--Increase VA funding by $25 billion over the next five years.  The budget would expand eligibility for VA health care to non-disabled veterans earning modest incomes and those who do not have service-connected conditions. These “Category 8” veterans have been barred from enrolling in VA’s health care system since 2003.  Letting them back in would bring more than 500,000 more veterans into the system by 2013.

    --Support continuing efforts to “improve the medical care and housing for wounded, ill and injured service members.  The Army will complete new wounded warrior complexes at posts throughout the U.S., including Alaska and Hawaii, as well as in Germany.

    --Expand Pentagon and VA pilot programs to expedite the processing of injured troops through the Disability Evaluation System.  The pilot programs are designed to substantially cut the time required to determine disability ratings and begin paying benefits to wounded troops.

    --Continue to “sustain and modernize barracks and dormitories housing service members around the world and work to end all inadequate housing for military families.”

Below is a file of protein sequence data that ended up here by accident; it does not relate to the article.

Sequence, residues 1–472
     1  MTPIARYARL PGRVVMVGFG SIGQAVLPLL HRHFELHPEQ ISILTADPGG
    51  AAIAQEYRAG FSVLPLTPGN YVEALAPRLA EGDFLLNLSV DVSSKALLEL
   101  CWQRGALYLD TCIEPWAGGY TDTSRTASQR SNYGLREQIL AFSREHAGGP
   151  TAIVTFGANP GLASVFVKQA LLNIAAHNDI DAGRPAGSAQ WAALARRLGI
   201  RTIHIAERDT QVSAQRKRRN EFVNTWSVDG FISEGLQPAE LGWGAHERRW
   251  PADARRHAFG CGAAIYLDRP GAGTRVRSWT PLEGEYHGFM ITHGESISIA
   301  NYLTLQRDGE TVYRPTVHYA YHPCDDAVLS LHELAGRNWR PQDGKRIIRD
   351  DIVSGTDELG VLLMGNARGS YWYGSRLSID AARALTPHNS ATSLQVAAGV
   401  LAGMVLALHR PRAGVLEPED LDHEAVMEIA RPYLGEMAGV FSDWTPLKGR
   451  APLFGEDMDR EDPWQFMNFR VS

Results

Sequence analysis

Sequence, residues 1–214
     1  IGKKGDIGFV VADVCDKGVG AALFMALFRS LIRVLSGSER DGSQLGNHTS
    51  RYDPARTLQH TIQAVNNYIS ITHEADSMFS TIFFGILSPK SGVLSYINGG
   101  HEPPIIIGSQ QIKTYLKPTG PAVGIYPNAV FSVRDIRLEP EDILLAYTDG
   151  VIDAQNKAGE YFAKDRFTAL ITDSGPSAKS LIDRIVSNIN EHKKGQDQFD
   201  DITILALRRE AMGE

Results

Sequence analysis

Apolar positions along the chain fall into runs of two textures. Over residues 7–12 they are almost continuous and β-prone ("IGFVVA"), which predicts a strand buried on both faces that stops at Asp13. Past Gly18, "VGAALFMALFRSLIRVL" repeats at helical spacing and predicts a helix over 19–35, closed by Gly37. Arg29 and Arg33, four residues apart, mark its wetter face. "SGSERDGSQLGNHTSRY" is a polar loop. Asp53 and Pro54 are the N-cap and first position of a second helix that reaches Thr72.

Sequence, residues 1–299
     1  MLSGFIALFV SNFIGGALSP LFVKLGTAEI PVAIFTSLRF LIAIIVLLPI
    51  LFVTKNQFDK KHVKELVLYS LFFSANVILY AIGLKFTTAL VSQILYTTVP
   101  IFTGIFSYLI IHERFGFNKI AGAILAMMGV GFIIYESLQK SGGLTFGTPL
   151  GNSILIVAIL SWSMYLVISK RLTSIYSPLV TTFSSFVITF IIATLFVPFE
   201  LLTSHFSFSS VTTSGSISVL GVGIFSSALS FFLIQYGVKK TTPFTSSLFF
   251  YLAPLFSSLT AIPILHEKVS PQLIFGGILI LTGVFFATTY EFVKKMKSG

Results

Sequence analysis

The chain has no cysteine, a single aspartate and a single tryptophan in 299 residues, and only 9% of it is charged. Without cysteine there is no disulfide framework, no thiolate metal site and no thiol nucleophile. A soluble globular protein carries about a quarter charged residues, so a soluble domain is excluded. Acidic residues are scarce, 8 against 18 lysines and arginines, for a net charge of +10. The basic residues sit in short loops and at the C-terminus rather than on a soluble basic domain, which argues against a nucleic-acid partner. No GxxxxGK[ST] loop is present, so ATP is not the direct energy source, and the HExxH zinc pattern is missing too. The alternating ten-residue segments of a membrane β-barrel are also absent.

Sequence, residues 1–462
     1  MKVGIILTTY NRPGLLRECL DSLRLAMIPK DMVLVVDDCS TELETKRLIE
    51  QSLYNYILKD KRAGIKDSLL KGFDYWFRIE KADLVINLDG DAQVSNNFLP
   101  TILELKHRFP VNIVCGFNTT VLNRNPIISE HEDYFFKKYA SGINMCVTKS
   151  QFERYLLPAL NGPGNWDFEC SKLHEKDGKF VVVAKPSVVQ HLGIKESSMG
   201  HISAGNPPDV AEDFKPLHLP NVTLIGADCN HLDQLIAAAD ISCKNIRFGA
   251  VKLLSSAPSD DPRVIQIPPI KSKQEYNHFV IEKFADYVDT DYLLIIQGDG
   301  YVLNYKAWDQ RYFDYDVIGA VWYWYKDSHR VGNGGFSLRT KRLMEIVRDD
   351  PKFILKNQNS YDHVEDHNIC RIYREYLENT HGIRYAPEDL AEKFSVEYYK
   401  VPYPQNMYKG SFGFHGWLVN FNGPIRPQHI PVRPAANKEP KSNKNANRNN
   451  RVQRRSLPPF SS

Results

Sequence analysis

--Fund a comprehensive Defense Department traumatic brain injury registry, “including a single point of responsibility to track incidents and recovery.”  The military services also will increase the number of mental health professionals integrated with deployed units “to better channel medical attention to those who need it quickly.”

    What is not mentioned in the budget outline is an increase in TRICARE fees.  Unlike the past several budget submissions made by the previous administration, there is no healthcare-related budget reduction indicated for the defense budget in either the discretionary or mandatory spending categories. 

    Since complete details on the President’s budget proposal are not expected to be released until late March or early April, we will wait to cheer the absence of increased TRICARE fees.